Horse Racing is an equestrian sport that has been practiced for millennia. It is inextricably associated with gambling. The common sobriquet for Thoroughbred horse racing is The Sport of Kings.
Horse racing is an equestrian sport and major international industry, watched in almost every nation of the world. There are three types: "flat" racing; steeplechasing, i.e. racing over jumps; and harness racing, where horses trot or pace while pulling a driver in a small, light cart known as a sulky. A major part of horse racing's economic importance lies in the gambling associated with it, an activity that in 2008 generated a world-wide market worth around US$115 billion.
Historically, equestrians honed their skills through games and races. Equestrian sports provided entertainment for crowds and honed the excellent horsemanship that was needed in battle. Horse racing of all types evolved from impromptu competitions between riders or drivers. All forms of competition, requiring demanding and specialized skills from both horse and rider, resulted in the systematic development of specialized breeds and equipment for each sport.
Chariot racing was one of the most popular ancient Greek, Roman and Byzantine sports. Chariot racing was often dangerous to both driver and horse as they frequently suffered serious injury and even death, but generated strong spectator enthusiasm. In the ancient Olympic Games, as well as the other Panhellenic Games, the sport was one of the most important equestrian events. In mythology, horse racing was also a part of myth and legend, such as the contest between the steeds of the god Odin and the giant Hrungnir in Norse mythology.
The popularity of equestrian sports through the centuries has resulted in the preservation of skills that would otherwise have disappeared after horses stopped being used in combat.
|Happy Valley Racecourse, Hong Kong, at night|
|Eclipse, The legendary undefeated racehorse|
|Nakayama Racecourse, Japan|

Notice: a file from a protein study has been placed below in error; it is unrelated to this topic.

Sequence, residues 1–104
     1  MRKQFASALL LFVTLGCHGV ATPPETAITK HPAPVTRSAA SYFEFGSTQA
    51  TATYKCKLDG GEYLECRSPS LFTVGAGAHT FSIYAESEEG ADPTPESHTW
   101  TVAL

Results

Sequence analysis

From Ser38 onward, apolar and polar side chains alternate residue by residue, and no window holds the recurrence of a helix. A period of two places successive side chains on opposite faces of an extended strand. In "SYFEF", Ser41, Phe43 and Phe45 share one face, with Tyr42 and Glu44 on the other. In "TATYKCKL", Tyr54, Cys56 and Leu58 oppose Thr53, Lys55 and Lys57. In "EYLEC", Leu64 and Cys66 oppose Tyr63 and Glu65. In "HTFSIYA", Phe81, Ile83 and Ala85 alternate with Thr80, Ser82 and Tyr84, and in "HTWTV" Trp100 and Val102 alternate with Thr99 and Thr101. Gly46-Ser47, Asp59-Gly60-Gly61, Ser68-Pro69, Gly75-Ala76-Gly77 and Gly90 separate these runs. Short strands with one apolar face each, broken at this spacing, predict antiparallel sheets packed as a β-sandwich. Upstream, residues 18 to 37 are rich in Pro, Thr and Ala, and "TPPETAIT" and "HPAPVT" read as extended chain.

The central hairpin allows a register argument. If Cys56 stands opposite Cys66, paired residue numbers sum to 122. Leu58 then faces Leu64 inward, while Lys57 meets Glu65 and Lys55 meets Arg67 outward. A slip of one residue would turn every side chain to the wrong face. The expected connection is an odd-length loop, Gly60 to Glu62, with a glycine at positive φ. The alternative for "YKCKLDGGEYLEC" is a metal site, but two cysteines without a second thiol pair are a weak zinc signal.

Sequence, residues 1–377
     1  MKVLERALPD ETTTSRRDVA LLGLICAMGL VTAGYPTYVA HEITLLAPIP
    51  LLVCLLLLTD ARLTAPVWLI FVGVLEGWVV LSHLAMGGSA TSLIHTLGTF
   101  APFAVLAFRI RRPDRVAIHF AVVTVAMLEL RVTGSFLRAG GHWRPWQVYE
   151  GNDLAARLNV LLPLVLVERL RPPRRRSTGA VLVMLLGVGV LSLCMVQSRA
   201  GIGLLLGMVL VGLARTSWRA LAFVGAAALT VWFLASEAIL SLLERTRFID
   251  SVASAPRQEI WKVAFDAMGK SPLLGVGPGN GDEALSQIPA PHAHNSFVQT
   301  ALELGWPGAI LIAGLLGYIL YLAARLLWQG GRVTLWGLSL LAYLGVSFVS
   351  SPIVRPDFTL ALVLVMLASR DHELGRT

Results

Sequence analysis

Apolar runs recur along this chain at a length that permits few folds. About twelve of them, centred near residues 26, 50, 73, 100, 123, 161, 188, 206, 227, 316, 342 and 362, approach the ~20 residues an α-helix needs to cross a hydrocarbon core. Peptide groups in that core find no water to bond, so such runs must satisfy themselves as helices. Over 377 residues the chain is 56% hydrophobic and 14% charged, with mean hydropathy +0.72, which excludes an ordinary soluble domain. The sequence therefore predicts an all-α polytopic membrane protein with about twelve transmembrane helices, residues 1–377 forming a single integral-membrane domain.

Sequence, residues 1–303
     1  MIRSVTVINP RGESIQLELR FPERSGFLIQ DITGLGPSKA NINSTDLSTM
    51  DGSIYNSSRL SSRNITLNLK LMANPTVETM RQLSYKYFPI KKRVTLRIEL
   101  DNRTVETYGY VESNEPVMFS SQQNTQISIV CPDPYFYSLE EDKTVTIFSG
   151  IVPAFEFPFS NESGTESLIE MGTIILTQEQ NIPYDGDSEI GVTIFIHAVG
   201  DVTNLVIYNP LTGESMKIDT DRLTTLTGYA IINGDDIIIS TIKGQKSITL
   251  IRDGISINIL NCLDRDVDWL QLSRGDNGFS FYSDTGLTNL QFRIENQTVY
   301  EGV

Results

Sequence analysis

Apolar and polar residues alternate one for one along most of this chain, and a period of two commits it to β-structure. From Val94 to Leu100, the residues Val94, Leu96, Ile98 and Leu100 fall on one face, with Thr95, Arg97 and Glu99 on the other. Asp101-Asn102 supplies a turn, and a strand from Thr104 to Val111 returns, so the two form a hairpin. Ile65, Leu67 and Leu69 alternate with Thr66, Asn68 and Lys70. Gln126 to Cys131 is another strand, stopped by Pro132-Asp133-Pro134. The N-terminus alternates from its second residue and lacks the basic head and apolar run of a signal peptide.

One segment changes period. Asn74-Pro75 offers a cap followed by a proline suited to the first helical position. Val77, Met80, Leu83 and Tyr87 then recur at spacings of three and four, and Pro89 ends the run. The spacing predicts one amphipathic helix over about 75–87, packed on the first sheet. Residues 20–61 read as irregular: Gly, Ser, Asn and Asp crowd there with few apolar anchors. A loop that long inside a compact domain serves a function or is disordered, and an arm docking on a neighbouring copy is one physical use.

|Tambo valley races,Australia|
Types of racing
The style of racing, the distances and the type of events vary significantly by the country in which the race is occurring, and many countries offer different types of horse races.
In the United States, Thoroughbred flat races are run on surfaces of either dirt, synthetic or turf; other tracks offer Quarter Horse racing and Standardbred horse racing, or combinations of these three types of racing surfaces. Racing with other breeds, such as Arabian horse racing, is found on a limited basis. American Thoroughbred races are run at a wide variety of distances, most commonly from 5 to 12 furlongs (0.63 to 1.5 mi; 1.0 to 2.4 km); with this in mind, breeders of Thoroughbred race horses attempt to breed horses that excel at a particular distance
Flat racing is the most common form of Thoroughbred racing. The track is typically oval in shape and the race is based on speed and stamina. Within the general category of Thoroughbred flat racing, there exist two separate types of races. These include conditions races and handicap races. Condition races are the most prestigious and offer the biggest purses. Handicap races assign each horse a different amount of weight to carry based on their ability. Beside the weight they carry, the horse is also influenced by its closeness to the inside barrier, the track surface, its gender, the jockey, and the trainer. A typical Thoroughbred race is run on dirt, synthetic or turf surfaces. Viscoride and Polytrack are synthetic substitutes. Thoroughbred races vary in distance, but are usually somewhere between five and twelve furlongs. A furlong is a distance measurement equal to one eighth of a mile, 220 yards or 201.168 metres.
The length of an endurance race varies greatly. Some are very short, only ten miles, while others can be up to one hundred miles. There are a few races that are even longer than one hundred miles and last multiple days. These different lengths of races are divided into five categories: pleasure rides (10–20 miles), non-competitive trail rides (21–27 miles), competitive trail rides (20–45 miles), progressive trail rides (25–60 miles), and endurance rides (40–100 miles in one day, up to 150 miles in multiple days). Because each race is very long, the tracks are almost always just dirt.
Quarter Horse racing